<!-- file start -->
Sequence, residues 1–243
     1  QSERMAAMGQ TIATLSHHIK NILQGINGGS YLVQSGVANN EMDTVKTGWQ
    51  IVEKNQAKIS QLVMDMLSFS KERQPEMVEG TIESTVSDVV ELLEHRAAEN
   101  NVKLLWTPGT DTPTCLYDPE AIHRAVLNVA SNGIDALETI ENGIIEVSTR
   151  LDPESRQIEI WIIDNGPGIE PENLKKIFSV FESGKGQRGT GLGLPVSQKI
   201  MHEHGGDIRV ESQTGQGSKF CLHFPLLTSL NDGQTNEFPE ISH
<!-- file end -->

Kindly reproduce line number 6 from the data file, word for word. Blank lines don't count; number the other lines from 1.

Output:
   201  MHEHGGDIRV ESQTGQGSKF CLHFPLLTSL NDGQTNEFPE ISH